CHICAGO, Sept. 15, 2021 — The American Bar Association will host a panel to discuss the findings of “Student Debt: The Holistic Impact on Today’s Young Lawyer,” at a livestream to the Young Lawyers Division (YLD) Facebook page on Tuesday, Sept. 21, at 1 p.m. EDT.
The report, prepared by YLD and Access Lex Institute Center for Legal Education Excellence®, features select findings from the 2021 ABA YLD student loan survey. The findings detail how most young lawyers struggle to pay off their student loans and some wind up heavier in debt after years of repayments because of accumulating interest. As a result, many suffer from mental health issues and postpone major life decisions because of their debt load:
- 65% said they suffered from high stress or overwhelming stress because of their law school debt.
- A majority of respondents reported they lacked a clear understanding of the legal job market and the cost/debt associated with law school attendance prior to enrolling.
- Respondents with higher loan balances were more likely to show signs of stress – over 70 percent of those with $100,000-$200,000 and over 80 percent of those with over $200,000 reported high or overwhelming stress.
- A majority of those with more than $100,000 in debt agreed that their loan obligation has caused them to feel depressed or hopeless.
- Rates of pre-law understanding and satisfaction with the decision to attend law school declined as debt balances increased.
More than 1,300 lawyers under age 36 who earned a law degree or who were licensed in the last 10 years completed the questionnaire, which was conducted in May 2021. The data was analyzed by AccessLex.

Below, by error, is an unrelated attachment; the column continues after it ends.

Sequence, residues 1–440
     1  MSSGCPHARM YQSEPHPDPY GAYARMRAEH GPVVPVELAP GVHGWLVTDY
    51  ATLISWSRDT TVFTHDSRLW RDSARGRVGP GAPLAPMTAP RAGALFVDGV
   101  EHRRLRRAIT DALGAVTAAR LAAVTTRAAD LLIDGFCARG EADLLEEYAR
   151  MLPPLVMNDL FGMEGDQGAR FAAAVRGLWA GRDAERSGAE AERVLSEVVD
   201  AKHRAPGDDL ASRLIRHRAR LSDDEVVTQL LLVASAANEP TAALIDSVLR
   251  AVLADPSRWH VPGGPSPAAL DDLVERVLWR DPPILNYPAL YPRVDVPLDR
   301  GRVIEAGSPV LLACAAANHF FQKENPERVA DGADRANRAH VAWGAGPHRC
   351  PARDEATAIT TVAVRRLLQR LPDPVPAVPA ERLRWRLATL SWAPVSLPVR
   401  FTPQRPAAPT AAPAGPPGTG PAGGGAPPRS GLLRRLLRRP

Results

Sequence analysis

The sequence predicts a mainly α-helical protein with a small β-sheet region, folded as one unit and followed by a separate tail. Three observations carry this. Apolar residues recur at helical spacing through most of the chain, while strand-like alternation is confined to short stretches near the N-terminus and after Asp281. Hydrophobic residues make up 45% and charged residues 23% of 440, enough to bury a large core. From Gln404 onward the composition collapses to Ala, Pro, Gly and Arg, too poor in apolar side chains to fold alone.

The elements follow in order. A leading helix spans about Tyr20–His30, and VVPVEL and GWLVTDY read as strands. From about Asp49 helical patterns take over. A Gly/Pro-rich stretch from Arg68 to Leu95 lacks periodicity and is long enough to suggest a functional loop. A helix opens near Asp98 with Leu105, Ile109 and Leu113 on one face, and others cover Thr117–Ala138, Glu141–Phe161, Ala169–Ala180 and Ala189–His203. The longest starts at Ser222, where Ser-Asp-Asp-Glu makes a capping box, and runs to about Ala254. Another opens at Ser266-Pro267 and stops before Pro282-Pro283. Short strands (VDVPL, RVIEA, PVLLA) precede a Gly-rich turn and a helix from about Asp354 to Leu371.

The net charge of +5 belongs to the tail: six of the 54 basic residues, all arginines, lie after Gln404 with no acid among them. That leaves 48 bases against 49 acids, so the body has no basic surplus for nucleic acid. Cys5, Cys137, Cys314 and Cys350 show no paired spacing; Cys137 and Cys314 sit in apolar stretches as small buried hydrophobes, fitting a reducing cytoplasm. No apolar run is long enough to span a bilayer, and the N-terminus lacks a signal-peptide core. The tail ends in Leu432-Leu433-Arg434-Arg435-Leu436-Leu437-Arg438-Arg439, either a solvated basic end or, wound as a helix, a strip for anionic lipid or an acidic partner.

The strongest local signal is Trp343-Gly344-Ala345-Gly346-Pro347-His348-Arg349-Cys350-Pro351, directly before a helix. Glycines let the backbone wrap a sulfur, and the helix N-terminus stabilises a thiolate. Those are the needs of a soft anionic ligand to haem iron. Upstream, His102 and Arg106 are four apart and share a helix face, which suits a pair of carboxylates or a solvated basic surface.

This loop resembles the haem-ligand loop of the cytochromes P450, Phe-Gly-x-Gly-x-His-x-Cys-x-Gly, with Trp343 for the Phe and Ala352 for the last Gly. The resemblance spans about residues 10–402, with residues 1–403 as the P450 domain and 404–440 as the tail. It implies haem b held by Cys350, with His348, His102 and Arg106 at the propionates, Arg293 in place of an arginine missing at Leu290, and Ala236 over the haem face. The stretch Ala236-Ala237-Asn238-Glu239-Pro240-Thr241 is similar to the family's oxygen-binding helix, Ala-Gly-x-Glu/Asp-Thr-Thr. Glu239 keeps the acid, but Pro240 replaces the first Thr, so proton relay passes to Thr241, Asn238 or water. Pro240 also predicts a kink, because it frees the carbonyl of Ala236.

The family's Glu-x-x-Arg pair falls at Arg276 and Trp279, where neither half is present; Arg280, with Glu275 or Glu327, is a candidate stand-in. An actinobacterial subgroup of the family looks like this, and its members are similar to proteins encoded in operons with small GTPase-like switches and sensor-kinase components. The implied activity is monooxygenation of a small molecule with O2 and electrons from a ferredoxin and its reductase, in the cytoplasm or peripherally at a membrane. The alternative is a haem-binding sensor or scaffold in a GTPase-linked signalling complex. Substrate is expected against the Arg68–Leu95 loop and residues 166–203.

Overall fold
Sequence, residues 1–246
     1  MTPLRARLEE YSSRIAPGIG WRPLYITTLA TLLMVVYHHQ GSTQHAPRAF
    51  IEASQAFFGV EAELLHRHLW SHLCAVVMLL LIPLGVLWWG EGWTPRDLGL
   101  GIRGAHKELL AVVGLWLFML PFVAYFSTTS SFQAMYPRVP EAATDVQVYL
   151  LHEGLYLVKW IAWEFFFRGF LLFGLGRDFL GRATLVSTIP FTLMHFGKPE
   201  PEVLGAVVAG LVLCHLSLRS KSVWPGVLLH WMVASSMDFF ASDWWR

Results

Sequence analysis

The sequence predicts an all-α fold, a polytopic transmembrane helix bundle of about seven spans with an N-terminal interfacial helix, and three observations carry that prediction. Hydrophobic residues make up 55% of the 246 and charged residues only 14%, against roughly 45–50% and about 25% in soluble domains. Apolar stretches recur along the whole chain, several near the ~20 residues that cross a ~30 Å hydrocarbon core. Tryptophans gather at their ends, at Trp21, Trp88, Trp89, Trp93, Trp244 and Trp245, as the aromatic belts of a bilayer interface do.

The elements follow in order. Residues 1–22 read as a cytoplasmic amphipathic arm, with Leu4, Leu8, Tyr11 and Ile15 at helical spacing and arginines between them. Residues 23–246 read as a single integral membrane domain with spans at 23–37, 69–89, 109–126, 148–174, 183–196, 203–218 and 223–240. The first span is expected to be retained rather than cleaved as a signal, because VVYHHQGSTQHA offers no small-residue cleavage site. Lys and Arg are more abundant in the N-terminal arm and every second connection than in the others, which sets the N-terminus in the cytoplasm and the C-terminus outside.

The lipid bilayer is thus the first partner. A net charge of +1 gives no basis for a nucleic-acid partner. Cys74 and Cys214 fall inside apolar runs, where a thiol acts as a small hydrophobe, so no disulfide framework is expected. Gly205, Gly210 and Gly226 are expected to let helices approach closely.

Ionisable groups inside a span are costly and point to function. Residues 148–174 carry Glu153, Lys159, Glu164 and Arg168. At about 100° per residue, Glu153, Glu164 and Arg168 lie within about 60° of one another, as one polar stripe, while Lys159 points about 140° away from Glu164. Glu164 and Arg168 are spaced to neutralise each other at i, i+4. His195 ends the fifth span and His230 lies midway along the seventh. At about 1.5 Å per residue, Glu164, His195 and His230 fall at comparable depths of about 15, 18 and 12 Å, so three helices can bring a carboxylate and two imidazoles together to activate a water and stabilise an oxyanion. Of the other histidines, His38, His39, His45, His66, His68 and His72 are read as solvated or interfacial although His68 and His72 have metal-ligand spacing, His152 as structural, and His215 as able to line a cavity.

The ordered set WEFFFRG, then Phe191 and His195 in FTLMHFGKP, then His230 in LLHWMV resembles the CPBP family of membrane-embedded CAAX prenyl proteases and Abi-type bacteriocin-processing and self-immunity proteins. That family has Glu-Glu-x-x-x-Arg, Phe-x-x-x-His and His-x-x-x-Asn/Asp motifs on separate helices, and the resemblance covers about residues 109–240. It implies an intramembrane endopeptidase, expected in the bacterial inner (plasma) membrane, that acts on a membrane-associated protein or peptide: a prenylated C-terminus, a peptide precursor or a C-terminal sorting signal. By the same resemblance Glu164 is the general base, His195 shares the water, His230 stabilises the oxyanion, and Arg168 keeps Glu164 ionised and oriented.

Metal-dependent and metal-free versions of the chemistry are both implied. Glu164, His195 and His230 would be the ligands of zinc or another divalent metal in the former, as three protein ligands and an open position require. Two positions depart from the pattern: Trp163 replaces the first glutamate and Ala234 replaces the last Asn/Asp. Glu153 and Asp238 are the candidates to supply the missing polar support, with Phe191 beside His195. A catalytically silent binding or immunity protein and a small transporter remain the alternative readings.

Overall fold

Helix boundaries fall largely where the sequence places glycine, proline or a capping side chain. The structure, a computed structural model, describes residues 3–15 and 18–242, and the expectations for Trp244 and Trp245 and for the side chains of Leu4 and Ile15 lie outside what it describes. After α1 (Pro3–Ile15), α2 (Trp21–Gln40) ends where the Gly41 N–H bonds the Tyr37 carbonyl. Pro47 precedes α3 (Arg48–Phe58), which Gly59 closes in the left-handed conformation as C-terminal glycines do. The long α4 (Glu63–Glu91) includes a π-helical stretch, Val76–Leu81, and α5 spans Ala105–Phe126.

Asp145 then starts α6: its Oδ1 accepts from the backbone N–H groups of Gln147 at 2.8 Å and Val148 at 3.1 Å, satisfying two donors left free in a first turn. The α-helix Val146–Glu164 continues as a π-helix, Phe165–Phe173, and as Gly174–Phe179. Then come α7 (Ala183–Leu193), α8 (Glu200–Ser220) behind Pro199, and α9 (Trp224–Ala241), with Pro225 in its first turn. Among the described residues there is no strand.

Additional survey results reiterated findings similar to a 2020 YLD survey – that 90% of respondents borrowed education loans for their J.D. or prior degrees, owing an average of $130,000; that Black borrowers reported higher J.D. debt balances than any other racial/ethnic group; and that 51% of respondents postponed or decided not to buy a house, 39% said they postponed or decided not to have children and 27% postponed or decided not to get married.
Some examples of the consequences of this debt are detailed on “The Impact of Student Loans on Attorneys” infographic.
The panel will feature Aaron Sohaski, team director of the ABA YLD Student Loans and Financial Wellness Team, Chris Jennison, special advisor to the YLD Student Loans and Wellness Team, and Tiffane Cochran, director of research at AccessLex.
The event is being held during Student Debt Week of Action Sept. 20-24, when ABA members are joining more than a dozen national professional groups to urge the White House and Congress to relieve the burdens of heavy student loan debt on recent graduates
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